Patterson has a voice, that ever-elusive thing, and whatever the future of ballet may be, choreographers like her will always have a place in it.
"Quietly Walking, by Gina Patterson was a polished balletic masterpiece. Unlike the other works of the night, which seemed to need a little more time to reach their full potential, Quietly Walking had indeed arrived. It was a complete work, refined from start to finish."
Dance Informa Magazine
“The most thought-provoking images…. As many do, but few so well, Patterson blended off-center modern movements and classical ballet technique with quirky yet fluid arm gestures and angular extensions.”
I got a strong jolt of engaging creativity that took me by surprise and made me want more.
““You Are Here” is the surprise of the program, though. At first, it seems it may be a rambling, aimless piece. But quickly, Patterson, artistic director of Austin’s VOICE Dance Company, kicks the work into a higher emotional gear. Forceful and swirling, it is as if she has somehow harnessed breath itself; gasping, panting, sighing. It is an endless series of surprises.”
Breathless. That would be an apt description of Gina Patterson's "Silence."
A Pas de Deux of startling originality was seen in choreographer Gina patterson's Speak￼ which Ms. Patterson performed with Eric Midgley. In contemporary form, it depicts a familiar theme- desire alternating with alienation- but in startling patterns that were deeply incisive. The emotional current that ran through the work was apparent, yet never overstated.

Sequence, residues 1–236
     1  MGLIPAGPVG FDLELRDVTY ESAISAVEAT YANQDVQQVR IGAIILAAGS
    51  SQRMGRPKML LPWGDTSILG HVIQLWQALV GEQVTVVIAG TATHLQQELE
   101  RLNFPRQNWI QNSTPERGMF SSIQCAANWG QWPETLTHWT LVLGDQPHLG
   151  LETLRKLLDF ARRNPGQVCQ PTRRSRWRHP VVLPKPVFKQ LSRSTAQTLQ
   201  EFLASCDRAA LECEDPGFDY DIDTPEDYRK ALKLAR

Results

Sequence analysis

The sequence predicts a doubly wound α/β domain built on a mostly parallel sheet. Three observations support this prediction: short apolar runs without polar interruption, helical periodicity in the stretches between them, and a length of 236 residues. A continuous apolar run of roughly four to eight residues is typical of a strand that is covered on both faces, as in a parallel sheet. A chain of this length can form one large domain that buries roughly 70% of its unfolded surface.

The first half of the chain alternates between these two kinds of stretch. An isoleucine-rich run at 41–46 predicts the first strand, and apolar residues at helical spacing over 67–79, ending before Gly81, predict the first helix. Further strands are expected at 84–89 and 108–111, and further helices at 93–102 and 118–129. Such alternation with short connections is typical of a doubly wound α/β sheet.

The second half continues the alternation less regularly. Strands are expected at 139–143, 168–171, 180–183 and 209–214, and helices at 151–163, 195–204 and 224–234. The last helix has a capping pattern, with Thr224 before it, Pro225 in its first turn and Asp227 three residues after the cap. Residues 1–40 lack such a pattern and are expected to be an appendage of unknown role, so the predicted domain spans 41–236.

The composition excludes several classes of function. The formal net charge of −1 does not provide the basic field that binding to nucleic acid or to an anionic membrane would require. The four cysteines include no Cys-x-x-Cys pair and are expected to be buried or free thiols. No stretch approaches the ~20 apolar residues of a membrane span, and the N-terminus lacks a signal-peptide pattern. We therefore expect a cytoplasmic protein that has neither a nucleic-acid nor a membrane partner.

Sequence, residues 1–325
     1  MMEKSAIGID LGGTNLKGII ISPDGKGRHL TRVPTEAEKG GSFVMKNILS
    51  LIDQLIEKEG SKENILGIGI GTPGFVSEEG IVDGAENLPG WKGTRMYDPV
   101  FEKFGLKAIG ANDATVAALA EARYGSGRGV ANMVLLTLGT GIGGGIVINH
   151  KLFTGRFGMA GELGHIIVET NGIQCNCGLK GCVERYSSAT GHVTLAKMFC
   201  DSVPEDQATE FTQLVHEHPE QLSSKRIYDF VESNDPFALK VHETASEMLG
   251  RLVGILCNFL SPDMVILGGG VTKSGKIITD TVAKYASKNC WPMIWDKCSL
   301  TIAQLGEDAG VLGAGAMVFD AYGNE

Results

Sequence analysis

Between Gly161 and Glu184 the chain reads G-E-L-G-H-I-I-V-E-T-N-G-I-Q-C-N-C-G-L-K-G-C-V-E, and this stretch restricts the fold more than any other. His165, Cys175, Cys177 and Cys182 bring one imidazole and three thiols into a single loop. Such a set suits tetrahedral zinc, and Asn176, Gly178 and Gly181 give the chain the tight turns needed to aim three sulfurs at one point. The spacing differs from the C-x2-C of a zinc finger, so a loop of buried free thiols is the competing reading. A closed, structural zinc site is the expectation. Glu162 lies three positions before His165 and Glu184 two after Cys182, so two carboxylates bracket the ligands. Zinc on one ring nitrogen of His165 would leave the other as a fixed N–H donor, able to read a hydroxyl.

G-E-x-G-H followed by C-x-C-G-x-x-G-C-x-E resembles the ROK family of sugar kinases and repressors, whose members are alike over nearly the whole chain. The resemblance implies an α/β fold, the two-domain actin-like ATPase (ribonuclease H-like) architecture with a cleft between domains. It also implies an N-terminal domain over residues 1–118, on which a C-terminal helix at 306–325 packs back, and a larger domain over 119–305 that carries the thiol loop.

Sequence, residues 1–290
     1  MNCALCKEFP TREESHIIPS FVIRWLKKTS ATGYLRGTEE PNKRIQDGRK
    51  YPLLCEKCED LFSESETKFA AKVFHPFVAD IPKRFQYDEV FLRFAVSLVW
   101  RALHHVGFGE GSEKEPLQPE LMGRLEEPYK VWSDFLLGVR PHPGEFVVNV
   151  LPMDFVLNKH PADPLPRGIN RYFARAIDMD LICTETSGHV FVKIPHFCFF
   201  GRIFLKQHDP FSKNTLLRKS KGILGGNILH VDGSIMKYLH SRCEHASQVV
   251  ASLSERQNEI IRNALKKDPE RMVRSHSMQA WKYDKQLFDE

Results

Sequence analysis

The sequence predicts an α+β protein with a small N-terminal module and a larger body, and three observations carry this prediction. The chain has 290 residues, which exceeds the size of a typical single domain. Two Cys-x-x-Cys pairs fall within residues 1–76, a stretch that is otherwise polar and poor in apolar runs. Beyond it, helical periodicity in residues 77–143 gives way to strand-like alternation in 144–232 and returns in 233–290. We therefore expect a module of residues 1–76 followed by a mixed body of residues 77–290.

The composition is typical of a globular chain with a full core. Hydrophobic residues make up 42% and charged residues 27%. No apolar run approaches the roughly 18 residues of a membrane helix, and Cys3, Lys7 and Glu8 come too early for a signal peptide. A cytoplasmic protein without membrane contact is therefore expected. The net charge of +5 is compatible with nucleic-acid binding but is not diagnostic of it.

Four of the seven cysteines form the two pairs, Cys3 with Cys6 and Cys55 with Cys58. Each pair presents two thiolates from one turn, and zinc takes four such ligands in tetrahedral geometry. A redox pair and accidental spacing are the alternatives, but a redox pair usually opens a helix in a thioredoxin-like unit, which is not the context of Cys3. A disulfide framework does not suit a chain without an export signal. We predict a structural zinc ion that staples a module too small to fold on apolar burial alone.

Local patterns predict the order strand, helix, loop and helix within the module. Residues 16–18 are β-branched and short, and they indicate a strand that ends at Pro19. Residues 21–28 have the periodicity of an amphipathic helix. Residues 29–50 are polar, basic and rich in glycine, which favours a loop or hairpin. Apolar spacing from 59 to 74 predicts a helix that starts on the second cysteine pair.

“A standout on the soulful front, Insideout by Ballet Austin’s Gina Patterson, revealed feeling and choreographic invention from expectant contemplation to hearty interpersonal commitment, in a candle-graced duet for her and Chris Hannon.”
“Insideout...was a sizzling and savvy duet for two modern-day gypsies.”
Ney York Times
Fresh and energetic, Life Wind offered non-stop innovative movement
Austin American Statesman
"Patterson's signature humor – not just jokes made by dancers but dancing jokes made possible by the trained and expressive bodies – graced this piece."
“The dances were skillfully and unpredictably linked together, creating a sense of drama and community.”
Inspired by the life cycle and mating habits of birds, the piece was a kind of "March of the Peacocks," beginning with a dozen dancers hidden behind gigantic white balloons, from which they popped up, hatchlinglike, and proceeded to explore the world. As the dance progressed, these bird figures appeared to mature and pair up for mating. But as those cinematic penguins showed, life as a bird isn't without hardships and pain, and on occasion a dancer stepped apart from the brood for what seemed a melancholy walk beside a sort of peacock queen mother (a visibly pregnant but unassailably regal Margot Brown). These tensions gave the piece, playful as it was, a richer emotional texture, a sense of life with both joys and sorrows, often intertwined. It's the perspective of someone who has lived enough to know that mix of sunshine and rain, and Patterson pushed herself to layer that into her piece.
"the standout...abstractly clean yet full choreography”
Austin American Statesman
“daring, interwoven symmetry.” “rapturous quality”